Dear Flash Readers,
I am honored to have been asked to publish frequent updates dispelling myths and confirming truths about our current coronavirus crisis. I take the responsibility seriously and will do my best to help you get information. My goal is to have a factual basis for everything I write here. I welcome questions and comments. As long as they are constructive I will do my best to respond when I can.
– Ben Marcum, MD – Stephenville Medical and Surgical Clinic
Myth 1: This virus is no big deal.
SARS CoV-2 is a highly contagious and extremely pathogenic beta-coronavirus. Before the end of 2019 it existed only in animals when a mutation occurred and it made the jump from animals to humans and apparently, human to human. It can live on surfaces for days… in some cases up to 17 days (swabs of surfaces in the cabins on a cruise ship that had infected people tested positive for RNA from the virus up to 17 days after disembarkation). A German study found that people who were infected but not showing symptoms or had very early symptoms produced thousands to millions of copies of the virus in their noses and throats, 1000 times more on average than people who had SARS CoV 1 (the original SARS virus). That heavy viral load during the first week of infection likely explains the high contagion rate.
So problem 1 is that it spreads like wildfire. Problem 2 is that a lot of people get very, very sick. 1 in 5 infections result in hospitalization and 1 in 25 need to go to icu. 1 in 50 die. 4 out of 5 people who go on a ventilator die. These numbers are way worse that the typical seasonal flu and it is just as or more contagious than flu. This poses a significant problem for our town. We have 30 general hospital beds. We have 5 icu beds and 4 ventilators. These numbers mean that if 200 people are sick at one time, we will need 40 general hospital beds and 8 icu beds. Only 200 cases at one time will exhaust our capacity. We could very quickly reach 1000 cases and there will be people laying in the halls of the hospital while we frantically try to care for them. This has already happened in other first world countries and is close to happening in major cities in the US. If we get 1000 cases at one time we can expect 10 patients who need a ventilator for every ventilator we have.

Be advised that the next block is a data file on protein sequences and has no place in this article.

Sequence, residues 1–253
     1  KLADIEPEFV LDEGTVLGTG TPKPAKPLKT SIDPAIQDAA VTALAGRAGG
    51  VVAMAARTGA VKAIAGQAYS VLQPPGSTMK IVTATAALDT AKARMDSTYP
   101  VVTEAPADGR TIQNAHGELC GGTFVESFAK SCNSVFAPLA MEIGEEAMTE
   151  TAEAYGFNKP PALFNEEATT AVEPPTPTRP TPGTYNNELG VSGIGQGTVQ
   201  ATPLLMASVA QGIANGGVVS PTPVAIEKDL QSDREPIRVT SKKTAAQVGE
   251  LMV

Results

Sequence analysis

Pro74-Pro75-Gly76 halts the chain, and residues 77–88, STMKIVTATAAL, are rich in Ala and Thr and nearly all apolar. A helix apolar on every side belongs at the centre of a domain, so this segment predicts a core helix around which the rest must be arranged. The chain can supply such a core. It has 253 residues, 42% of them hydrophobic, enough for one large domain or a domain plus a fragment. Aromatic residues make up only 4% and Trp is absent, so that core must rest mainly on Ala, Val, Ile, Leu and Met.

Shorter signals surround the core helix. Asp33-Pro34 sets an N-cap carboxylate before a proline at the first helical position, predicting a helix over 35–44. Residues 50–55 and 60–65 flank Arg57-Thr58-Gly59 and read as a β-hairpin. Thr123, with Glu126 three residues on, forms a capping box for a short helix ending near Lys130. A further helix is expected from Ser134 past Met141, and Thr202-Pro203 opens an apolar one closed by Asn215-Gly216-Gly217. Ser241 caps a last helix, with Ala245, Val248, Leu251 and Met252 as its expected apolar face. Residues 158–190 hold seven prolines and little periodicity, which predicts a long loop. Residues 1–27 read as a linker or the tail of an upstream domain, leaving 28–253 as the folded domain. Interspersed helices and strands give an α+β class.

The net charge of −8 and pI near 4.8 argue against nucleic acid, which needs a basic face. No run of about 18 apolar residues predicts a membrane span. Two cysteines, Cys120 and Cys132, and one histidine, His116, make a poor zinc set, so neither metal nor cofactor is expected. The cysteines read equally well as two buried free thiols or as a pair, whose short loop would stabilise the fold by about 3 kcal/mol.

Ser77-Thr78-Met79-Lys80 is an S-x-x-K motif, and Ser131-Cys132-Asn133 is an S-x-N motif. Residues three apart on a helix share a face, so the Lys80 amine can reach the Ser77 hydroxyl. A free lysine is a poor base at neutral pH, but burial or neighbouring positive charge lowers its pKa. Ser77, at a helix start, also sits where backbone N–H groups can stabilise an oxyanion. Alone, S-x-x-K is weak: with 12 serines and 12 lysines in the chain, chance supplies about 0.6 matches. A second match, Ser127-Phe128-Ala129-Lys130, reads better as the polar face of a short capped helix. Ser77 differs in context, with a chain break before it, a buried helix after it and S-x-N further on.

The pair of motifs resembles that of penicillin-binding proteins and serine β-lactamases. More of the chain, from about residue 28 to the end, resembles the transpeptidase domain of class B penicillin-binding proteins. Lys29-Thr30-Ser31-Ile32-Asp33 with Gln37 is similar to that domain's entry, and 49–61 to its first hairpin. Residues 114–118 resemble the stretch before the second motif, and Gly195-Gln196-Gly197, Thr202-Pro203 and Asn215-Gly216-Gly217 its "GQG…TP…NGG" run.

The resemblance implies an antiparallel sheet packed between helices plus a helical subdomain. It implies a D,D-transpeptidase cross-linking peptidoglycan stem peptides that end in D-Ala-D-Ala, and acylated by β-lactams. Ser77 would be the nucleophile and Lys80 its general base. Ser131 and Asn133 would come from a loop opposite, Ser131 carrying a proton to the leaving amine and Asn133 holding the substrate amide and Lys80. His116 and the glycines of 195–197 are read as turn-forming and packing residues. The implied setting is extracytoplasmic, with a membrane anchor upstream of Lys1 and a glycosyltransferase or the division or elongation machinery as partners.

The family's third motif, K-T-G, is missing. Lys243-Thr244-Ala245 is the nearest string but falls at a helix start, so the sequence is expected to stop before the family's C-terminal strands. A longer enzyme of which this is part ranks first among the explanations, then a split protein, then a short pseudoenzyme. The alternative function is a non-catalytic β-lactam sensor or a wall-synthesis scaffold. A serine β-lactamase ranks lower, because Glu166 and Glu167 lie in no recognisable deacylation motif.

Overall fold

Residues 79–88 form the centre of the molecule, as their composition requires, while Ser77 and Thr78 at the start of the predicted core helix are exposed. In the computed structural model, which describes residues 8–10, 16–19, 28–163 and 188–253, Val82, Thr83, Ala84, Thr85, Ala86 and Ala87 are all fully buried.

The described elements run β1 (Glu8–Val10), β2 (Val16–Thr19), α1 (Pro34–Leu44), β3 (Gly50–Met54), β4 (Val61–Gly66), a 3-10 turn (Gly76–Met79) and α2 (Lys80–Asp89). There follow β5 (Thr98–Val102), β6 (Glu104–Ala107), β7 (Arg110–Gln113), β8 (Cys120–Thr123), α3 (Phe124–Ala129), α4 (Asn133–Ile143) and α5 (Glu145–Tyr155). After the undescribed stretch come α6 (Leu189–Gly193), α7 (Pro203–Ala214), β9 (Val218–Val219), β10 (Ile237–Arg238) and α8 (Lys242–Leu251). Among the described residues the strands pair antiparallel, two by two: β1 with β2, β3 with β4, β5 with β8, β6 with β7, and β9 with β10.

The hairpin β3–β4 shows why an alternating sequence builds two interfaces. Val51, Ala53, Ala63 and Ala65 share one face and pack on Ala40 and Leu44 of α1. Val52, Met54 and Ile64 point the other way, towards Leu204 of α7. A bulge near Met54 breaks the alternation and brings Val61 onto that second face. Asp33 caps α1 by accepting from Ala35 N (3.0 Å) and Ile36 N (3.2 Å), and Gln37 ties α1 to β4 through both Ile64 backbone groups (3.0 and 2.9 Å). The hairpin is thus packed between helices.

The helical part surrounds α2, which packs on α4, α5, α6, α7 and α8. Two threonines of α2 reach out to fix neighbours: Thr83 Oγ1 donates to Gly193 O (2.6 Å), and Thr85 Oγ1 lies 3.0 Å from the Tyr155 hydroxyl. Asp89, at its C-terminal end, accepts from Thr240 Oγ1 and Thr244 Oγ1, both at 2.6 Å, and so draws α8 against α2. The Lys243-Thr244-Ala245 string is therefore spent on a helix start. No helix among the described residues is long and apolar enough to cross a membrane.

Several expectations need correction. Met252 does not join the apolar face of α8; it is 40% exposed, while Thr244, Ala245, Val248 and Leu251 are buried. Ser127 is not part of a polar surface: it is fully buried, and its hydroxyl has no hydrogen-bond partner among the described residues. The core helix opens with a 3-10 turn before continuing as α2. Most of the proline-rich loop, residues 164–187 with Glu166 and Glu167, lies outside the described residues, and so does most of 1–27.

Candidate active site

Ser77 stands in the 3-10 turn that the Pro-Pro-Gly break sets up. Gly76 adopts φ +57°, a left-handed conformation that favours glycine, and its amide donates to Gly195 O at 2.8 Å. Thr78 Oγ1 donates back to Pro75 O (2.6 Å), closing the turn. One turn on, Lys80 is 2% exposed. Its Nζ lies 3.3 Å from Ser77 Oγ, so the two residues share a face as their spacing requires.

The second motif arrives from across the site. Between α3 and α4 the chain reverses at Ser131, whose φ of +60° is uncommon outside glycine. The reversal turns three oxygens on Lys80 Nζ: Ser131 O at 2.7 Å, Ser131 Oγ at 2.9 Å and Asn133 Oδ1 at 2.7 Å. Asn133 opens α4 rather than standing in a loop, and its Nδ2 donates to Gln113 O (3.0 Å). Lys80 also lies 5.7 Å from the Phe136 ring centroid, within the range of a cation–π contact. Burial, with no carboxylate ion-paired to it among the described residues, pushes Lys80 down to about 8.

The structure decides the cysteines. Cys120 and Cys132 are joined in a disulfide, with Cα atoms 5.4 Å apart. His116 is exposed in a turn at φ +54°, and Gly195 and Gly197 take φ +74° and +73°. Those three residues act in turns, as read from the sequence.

Also people with COVID-19 (the World Health Organization name for COrona VIrus Disease – 2019) stay in ICU longer – 11 to 14 days instead of the average 4 to 6 days spent by run of the mill ICU admissions.
So you can see, this minuscule pathogen poses a gargantuan problem. We have a chance, right now, every one of us, to save lives. Don’t go anywhere you don’t have to. If you need groceries, one person should go and get in and get out. Better yet, order it curbside and disinfect everything when you get home. Wear gloves and even a surgical mask if you have one. It is not by any means 100% effective but better than nothing. WE ARE NOT ON VACATION. The weather is nice and I know you have recreational activities or home projects you like to do. But if those activities put you in contact with potentially infected people or surfaces… I’m begging you on behalf of the medical community and your and my neighbors and loved ones, DON’T DO IT. SARS CoV 2 can live on a gas pump handle or debit card keypad for at least 3 days. Going for a joy ride, even if you don’t see another soul, increases the frequency you fill up your vehicle and thus, increase the risk of exposure. Everything you do carries a certain level of risk. It is not just a risk to you (yes even young healthy people have died), but a risk to the vulnerable people in our society – over 65, hypertension, diabetes, heart disease, cancer, immunocompromised… every person has the responsibility to protect themselves and their neighbors. Taking unnecessary risks so you can better enjoy your quarantine is self serving and dangerous. THIS VIRUS IS A VERY BIG DEAL.